Women’s History Month: Women Making (Legislative) History Today
Each spring, Women’s History Month invites us to commemorate milestone achievements of women around the world – and to celebrate those making history today.
At Days for Girls, we’re especially excited to celebrate global policymakers paving the way for menstrual equity, reducing period poverty and advocating for menstruator rights worldwide – like those spotlighted below! From Scotland to Kenya, these inspiring leaders are altering the course of history through groundbreaking legislation and advocacy that uplifts women, girls and all people with periods.
Their efforts serve as a beacon of hope in the menstrual movement, and represent a much-needed paradigm shift that every leader should aspire to. We can’t wait to see the rest of the world follow suit.
Grace Meng (United States)
Grace Meng, a lawyer and Democratic member of the U.S. House of Representatives from the New York City borough of Queens, introduced the Menstrual Equity for All Act in March 2019. This legislation would ensure that incarcerated and homeless women have access to menstrual products and would allow schools to use federal funds for period products. If the bill is passed, Medicaid would also have to cover the cost of menstrual products.
Monica Lennon (Scotland)
Scotland became the first country in the world to legislate that access to period products is a right, following a four-year campaign backed by a wide coalition of trade unions, women’s groups, and charities, led by Monica Lennon, a member of the Scottish Parliament. Lennon has received messages from around the world expressing interest in the law. “Scotland has provided a blueprint and shown how it can be done,” she said. “With determination from lawmakers and activists in other countries, there’s no reason why other countries can’t follow.”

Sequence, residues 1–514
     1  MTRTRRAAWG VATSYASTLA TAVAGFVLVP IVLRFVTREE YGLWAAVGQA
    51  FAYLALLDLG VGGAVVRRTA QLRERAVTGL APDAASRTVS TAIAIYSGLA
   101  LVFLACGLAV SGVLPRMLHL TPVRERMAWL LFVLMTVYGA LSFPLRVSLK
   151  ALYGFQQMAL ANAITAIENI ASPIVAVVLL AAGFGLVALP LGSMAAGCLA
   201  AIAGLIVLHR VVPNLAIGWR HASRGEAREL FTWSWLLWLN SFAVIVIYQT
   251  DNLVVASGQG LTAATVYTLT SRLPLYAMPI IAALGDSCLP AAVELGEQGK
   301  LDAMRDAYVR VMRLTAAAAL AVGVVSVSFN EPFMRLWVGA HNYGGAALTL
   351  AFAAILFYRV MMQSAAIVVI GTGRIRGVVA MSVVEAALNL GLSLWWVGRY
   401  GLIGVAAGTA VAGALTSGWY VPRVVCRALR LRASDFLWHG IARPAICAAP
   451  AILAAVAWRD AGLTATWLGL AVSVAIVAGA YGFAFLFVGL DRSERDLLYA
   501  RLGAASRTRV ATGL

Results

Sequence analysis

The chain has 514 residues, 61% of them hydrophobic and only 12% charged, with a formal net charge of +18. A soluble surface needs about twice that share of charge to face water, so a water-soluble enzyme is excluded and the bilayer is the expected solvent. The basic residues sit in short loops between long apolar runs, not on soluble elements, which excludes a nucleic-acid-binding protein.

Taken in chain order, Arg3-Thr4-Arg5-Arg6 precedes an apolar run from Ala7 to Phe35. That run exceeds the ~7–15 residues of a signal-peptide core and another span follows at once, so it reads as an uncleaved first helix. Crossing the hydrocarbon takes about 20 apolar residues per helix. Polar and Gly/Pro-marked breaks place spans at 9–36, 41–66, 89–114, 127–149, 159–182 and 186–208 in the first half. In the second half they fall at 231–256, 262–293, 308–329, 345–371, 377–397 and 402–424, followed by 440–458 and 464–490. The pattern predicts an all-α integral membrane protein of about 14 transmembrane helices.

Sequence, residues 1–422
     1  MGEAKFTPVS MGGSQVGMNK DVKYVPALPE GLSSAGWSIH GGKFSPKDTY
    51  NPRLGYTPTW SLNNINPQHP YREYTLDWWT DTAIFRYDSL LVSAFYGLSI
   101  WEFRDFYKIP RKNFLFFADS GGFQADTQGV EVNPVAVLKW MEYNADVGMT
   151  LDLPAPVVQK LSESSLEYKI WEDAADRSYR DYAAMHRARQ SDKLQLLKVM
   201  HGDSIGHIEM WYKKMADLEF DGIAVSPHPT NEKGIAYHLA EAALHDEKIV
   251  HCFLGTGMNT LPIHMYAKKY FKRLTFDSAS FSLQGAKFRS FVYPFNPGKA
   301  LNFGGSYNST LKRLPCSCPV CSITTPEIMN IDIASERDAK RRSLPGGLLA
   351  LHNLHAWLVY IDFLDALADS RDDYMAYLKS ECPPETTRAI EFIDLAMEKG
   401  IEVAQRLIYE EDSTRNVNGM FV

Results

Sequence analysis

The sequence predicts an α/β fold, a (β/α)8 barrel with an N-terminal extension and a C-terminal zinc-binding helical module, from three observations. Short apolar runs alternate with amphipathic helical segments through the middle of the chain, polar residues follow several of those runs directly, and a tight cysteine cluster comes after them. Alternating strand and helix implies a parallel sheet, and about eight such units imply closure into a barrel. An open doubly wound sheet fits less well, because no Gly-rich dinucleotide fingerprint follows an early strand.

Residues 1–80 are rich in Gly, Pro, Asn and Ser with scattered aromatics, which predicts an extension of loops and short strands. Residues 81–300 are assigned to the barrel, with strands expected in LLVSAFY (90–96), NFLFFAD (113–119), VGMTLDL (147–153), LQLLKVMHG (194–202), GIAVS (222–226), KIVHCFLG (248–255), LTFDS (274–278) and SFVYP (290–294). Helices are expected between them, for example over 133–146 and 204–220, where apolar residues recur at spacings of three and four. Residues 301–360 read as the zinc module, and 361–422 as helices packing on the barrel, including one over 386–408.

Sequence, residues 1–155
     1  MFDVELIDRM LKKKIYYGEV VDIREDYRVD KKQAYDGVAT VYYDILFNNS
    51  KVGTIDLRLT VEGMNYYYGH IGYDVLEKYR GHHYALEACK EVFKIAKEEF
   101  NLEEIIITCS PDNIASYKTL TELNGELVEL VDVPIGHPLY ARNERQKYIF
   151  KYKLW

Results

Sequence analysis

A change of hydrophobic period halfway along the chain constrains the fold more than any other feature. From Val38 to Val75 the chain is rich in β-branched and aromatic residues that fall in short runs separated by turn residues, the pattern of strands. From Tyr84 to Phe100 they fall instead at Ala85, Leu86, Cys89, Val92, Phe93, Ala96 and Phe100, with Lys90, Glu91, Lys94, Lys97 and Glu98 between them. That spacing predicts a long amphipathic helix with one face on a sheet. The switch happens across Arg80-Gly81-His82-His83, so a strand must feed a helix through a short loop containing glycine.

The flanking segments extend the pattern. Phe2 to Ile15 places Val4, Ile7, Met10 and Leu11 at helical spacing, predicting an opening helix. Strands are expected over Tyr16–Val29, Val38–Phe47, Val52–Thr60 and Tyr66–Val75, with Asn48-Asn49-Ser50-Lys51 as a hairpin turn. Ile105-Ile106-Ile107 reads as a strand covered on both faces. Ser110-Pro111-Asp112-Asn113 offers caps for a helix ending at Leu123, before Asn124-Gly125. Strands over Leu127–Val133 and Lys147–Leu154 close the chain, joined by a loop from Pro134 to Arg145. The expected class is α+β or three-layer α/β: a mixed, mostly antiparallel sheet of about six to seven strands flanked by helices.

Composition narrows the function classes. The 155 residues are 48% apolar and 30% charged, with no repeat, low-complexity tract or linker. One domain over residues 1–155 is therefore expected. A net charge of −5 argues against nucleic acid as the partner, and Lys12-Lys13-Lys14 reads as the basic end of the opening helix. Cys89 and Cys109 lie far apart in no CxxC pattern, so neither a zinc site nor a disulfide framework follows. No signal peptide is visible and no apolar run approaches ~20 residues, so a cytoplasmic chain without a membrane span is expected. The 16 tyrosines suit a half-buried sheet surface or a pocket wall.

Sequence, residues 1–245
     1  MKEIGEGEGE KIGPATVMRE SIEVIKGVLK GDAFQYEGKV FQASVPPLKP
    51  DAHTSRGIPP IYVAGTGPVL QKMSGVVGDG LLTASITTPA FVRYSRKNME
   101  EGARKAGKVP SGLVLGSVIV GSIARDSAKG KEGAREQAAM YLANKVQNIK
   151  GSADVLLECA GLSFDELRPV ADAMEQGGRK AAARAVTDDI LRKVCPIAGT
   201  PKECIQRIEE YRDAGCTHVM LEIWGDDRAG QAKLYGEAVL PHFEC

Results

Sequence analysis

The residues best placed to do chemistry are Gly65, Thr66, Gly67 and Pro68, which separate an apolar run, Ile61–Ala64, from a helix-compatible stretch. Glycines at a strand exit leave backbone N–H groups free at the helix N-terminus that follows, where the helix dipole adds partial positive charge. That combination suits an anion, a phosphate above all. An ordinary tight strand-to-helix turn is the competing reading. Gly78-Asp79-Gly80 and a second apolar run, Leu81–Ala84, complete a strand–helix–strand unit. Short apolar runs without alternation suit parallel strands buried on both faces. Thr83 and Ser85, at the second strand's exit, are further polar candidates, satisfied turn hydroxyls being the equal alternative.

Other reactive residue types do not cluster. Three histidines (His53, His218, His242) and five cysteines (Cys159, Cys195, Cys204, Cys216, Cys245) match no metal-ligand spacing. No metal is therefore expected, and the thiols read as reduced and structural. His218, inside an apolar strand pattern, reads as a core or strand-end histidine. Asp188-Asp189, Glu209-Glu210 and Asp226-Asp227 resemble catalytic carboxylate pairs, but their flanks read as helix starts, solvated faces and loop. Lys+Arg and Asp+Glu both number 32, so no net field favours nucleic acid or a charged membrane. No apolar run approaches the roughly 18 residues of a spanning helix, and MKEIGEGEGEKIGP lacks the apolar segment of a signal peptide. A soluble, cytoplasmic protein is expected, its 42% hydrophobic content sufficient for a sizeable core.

The Honorable Soipan Tuya (Kenya)
The Honorable Soipan Tuya is Narok County’s Women Representative and an advocate for the high court of Kenya. From the start of her political career, Hon. Soipan has prioritized ensuring that women and girls have equal opportunity for, and access to education, and the resources needed to excel. A passionate advocate for gender equity in underserved communities, she is openly committed to ending Female Genital Cutting/Mutilation in her county (which has one of the highest FGM rates in the world) and removing period poverty barriers for menstruators in underserved communities – a goal that she has partnered with Days for Girls to achieve!
The First Lady Of Malawi, Monica Chakwera (Malawi)
Jacinda Ardern (New Zealand)
New Zealand Prime Minister Jacinda Ardern recently announced that all New Zealand schools will have free access to sanitary products, an initiative aimed at stamping out period poverty. “Providing free period products at school is one way the government can directly address poverty, help increase school attendance, and make a positive impact on children’s well-being,” Ardern said in a statement. The youngest female prime minister when she was elected in 2017, Ardern has become an icon and a champion for women’s rights.
**Special thanks to guest blogger Elizabeth Titus for contributing to this article